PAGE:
Otter Slough Conservation Area Map – Western Pools
The hunting locations in the more western section of Otter Slough Conservation Area can be great as well. These hunting areas usually have a mixture of moist soil vegetation and agriculture crops mixed in which creates a great food source for migrating waterfowl. If you plan to hunt here, make concealment a priority. There is not an abundance of natural vegetation to hide in, which can make the hunting difficult. A layout boat works very well in these pools, especially when it is covered in natural vegetation.
Otter Slough Conservation Area Map – Southern Pools
The hunting locations in the more southern pools at Otter Slough Conservation Area tend to be the best on the area. The refuge located in the picture above will hold thousands of birds throughout the fall migration. When the birds are stacked up here and flying the pools throughout the day, the hunting will be exceptional. Pools 21-26 are popular among hunters and are often chosen first the morning of a hunt. Pools 16 and 17 are also notable locations. Be sure to do your scouting if you plan on being in any of these pools. The birds will prefer some areas over others and being in the right location will make all the difference.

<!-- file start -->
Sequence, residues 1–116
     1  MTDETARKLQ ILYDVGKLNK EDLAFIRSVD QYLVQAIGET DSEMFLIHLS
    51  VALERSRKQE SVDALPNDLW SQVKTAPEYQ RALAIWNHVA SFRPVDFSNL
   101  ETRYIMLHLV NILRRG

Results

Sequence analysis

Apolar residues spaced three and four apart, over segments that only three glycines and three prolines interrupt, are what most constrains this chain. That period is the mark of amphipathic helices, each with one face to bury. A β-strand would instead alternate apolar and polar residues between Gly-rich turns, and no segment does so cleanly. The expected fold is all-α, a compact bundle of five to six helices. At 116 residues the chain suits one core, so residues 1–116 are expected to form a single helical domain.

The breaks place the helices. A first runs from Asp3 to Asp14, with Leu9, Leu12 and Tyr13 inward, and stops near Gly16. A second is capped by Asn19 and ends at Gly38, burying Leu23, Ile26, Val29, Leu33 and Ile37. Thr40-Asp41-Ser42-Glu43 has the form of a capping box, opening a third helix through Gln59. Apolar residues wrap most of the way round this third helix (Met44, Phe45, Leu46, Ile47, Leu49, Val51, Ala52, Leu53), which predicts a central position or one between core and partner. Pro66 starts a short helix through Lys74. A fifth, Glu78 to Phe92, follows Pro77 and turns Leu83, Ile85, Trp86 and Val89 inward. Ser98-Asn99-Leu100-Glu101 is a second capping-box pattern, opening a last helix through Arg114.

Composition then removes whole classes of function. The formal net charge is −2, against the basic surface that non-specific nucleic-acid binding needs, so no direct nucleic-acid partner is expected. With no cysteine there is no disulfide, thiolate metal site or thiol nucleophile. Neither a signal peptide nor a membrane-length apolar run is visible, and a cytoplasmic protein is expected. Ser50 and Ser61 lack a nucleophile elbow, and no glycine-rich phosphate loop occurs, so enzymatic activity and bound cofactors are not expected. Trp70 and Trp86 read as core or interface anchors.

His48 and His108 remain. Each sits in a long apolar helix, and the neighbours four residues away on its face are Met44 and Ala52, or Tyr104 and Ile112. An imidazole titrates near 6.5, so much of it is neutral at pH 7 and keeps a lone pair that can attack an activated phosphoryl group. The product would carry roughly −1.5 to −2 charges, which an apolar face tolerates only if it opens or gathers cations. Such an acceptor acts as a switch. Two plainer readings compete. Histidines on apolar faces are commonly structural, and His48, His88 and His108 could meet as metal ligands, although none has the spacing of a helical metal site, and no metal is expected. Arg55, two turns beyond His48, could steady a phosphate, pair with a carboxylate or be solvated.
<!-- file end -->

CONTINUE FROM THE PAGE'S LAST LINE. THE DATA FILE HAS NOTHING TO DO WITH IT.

What to expect when hunting Otter Slough Conservation Area
Bring a boat
A boat will come in handy at Otter Slough Conservation Area. Whether you are hunting a blind or a walk-in pool, having a boat will allow you to quickly and safely access the location you want to hunt. On Otter Lake, where blinds 1-7 are located, a boat is required. The water tends to be too deep to wade most years, so be sure to bring a boat if you know you may end up hunting in one of those blinds. If you find yourself hunting a walk-in, a boat is not always required, but it can be useful. Oftentimes the further back in the pool you go, the better off you will be. Using a shallow water boat will certainly do the job.
The blinds at Otter Slough Conservation Area can be hit or miss. One blind in particular that has produced great results in the past is the Frog Pond blind. Since it is located close to the refuge, it usually does well throughout the season. The blinds at Otter Slough are camouflaged well. However, like any duck blind, as the season goes on the natural camouflage wares off and the birds start to easily recognize where the blinds are. If you find yourself hunting in a blind at Otter Slough late in the season, bring some extra brush to spruce up the blind. This will certainly help when it comes to hiding from the birds.